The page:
Powerups are plentiful, and can be gained through gaming and stringing together level wins, or purchased in-app. The pestering to spend real money isn’t overbearing, at least by these app’s standards, and there’s no need to pay to advance. Add in a relaxing soundtrack and regular updates, and you’ve got yourself a game that you’ll want to play again and again. I’m sure I do.
7. RollerCoaster Tycoon Classic
Do you remember playing any of the RollerCoaster Tycoon games? You played an amusement park owner in this game that was released over two decades ago. It was your responsibility to come up with the ideal mix of rides, amenities, and experiences to keep consumers happy and money flowing in. Or designing terrifying roller coasters that caused riders to vomit all over the park.
I’m quite sure I choose the right one. We now have a good mobile version after many, many years. Unlike so many other small-screen adaptations of old games, this one isn’t bad. In fact, it’s pleasantly surprising. It combines the first two games in the series while maintaining a high level of fidelity to the original game play and visual aesthetic.
Expansion packs are available for purchase in-app, but there are no more in-app purchases once you’ve purchased the game. The fun factor is off the charts, as is the value for money. As you work your way through nearly 100 distinct scenarios, you can use pre-made roller coasters or construct your own piece by piece.
When you add in all of the other elements of the game, such as pathways, food and drink stands, hundreds of different types of rides (including water-based rides), hiring and firing workers, and trying to make a profit, you have a game that will likely stay on your phone or tablet for years.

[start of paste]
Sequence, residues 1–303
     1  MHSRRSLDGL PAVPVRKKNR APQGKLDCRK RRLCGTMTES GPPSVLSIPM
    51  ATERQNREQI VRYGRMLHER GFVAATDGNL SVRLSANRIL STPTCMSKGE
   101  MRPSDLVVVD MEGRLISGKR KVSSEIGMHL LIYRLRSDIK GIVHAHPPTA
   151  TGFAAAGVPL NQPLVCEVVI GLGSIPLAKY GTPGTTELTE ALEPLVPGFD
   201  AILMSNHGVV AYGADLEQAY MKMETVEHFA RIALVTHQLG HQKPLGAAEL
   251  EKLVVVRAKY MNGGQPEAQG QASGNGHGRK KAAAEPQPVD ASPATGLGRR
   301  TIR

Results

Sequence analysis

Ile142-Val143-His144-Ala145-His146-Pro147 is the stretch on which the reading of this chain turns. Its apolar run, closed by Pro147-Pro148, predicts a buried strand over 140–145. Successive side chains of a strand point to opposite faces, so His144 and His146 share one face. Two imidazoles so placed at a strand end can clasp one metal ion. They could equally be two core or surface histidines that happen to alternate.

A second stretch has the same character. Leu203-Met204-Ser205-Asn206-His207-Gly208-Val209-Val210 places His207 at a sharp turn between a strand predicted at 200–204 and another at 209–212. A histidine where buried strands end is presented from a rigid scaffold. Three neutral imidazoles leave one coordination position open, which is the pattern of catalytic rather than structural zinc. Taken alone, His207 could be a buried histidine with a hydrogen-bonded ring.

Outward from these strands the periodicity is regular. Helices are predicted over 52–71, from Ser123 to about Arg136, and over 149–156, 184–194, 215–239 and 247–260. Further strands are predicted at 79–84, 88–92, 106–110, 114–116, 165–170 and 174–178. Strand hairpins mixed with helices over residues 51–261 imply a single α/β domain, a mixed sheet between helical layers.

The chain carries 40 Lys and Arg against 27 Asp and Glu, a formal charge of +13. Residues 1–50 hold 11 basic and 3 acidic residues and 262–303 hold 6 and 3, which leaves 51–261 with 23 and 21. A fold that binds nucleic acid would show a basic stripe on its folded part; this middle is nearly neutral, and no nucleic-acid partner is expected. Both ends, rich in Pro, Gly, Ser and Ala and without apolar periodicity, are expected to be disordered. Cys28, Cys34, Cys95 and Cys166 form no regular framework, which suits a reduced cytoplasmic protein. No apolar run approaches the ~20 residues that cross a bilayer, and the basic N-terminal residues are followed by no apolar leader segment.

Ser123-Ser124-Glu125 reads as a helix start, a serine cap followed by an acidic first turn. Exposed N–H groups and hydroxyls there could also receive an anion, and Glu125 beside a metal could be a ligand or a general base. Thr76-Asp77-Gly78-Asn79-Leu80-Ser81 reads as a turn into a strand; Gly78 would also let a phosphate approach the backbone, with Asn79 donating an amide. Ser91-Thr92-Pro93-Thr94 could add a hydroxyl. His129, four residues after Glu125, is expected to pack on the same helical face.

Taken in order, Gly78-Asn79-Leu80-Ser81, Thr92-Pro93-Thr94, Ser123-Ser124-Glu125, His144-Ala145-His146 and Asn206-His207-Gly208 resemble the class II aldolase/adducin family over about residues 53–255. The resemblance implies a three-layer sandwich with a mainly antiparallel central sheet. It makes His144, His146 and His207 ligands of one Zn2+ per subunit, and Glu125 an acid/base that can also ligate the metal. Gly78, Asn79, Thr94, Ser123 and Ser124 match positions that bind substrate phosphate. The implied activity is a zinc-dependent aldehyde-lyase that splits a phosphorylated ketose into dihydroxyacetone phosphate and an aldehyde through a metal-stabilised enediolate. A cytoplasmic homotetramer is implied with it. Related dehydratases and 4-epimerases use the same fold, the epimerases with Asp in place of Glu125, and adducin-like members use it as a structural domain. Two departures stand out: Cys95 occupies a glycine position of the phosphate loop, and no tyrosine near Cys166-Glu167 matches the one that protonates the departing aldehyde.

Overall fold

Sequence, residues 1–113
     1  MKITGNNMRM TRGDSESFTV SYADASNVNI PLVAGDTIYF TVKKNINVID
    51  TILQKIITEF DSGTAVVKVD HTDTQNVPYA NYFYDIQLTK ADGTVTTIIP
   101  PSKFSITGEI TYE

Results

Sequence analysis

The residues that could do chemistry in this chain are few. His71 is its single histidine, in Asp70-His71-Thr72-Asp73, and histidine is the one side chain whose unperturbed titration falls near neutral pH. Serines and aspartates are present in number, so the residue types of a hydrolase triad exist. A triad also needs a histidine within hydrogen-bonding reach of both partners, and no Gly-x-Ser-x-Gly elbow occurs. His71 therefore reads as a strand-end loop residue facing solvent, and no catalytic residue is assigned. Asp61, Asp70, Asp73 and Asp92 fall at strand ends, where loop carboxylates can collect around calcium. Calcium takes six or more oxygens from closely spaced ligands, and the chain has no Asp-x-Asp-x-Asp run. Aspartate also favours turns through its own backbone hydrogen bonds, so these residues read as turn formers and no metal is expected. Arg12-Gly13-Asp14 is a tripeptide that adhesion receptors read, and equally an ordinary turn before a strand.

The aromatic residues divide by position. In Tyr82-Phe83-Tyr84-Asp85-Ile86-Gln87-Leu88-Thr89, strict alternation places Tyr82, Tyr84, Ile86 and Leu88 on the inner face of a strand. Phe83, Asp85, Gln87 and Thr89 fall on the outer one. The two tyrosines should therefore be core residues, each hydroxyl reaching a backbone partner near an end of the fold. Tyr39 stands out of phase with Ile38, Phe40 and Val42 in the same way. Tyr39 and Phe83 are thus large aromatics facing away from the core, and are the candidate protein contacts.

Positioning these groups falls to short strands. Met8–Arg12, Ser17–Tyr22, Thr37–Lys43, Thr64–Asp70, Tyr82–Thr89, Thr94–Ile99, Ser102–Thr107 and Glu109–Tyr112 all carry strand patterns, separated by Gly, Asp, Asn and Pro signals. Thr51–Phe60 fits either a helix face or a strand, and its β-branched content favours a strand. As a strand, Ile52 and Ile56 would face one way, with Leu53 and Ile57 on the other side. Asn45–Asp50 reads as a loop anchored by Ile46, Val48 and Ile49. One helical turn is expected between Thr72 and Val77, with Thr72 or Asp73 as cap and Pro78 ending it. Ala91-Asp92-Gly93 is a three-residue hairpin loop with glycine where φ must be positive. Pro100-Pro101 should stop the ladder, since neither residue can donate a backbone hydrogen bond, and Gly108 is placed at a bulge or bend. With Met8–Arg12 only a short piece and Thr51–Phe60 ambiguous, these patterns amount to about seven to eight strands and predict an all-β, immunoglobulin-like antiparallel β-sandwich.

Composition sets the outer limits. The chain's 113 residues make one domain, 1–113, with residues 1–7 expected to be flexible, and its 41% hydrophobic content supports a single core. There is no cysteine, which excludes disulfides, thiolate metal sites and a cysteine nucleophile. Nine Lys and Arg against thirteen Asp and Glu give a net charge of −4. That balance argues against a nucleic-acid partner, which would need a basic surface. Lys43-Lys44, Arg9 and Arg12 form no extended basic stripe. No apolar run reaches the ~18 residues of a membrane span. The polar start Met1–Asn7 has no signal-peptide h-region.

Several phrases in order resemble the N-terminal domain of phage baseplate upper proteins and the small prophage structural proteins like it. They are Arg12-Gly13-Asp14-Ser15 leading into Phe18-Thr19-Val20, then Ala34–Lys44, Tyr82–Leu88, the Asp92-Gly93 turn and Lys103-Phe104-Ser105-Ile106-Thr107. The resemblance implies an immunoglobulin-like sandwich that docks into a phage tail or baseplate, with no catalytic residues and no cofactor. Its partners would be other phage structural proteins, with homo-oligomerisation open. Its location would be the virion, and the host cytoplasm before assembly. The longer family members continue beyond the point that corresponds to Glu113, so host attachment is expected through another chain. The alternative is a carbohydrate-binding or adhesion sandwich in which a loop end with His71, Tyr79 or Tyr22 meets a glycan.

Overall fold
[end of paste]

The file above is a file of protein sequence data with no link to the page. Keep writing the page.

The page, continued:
Eternium, a long-time favourite among role-playing game (RPG) fans, is still one of the greatest offline options some years after its release. It’s been getting regular, big upgrades since it initially came out, and it’s been developed by old-school RPG fans.
Even better, it avoids the vexing pay-to-win strategy used by many of its competitors. You’ll be right at home here if you’ve played any of the Diablo games.
You can play as a warrior, bounty hunter, or wizard and fight a wide variety of foes to acquire experience and level up, as well as open boxes to get gold, gems, and equipment. It’s all there: forming alliances with NPC characters, upgrading your armour, and turning undesired stuff into necessities. The game is divided into three realms, each with its own set of tasks and adversaries.
There are an infinite number of randomly generated levels, and the majority of the game’s features are available offline after the initial download. You can tell a lot of effort went into this game because it features great graphics and an easy interface, which includes sketching symbols on the screen to perform spells instead than bashing buttons. Give it a shot if you enjoy true RPGs without endless microtransactions.
9. Infinity Loop
Do you want to play something calm to distract yourself from the chaos going on around you? The answer is Infinity Loop. The idea is simple: rotate puzzle pieces, connect all lines, and close loops by tapping on them. The graphics and audio are as simple as they come. This is ideal for the game and ensures that it does not drain your battery. After that, you’re on your own.
There’s a brief instruction. There’s no need for anything else with such easy gameplay and controls. The difficulty of the levels gradually increases up to a point, and the developers claim that there are an endless amount of them. There’s also a “black mode” that forces you to break rather than create loops.
It’s safe to say that no matter how long you’re confined in the transit lounge, you’ll never be bored. This is one of the finest free offline games because you can play for as long as you want without spending any money. If you like it, you may pay anywhere from $1.99 to $19.99 to remove adverts and support the developers.
10. Bloons TD 6
On the app stores, tower defence games are a popular genre in which you place units along a pre-defined track and employ them to fight waves of progressively powerful oncoming enemies. Obviously, there’s a lot more to it than that, and each game puts its own twist on things, some of which succeed and others which fail.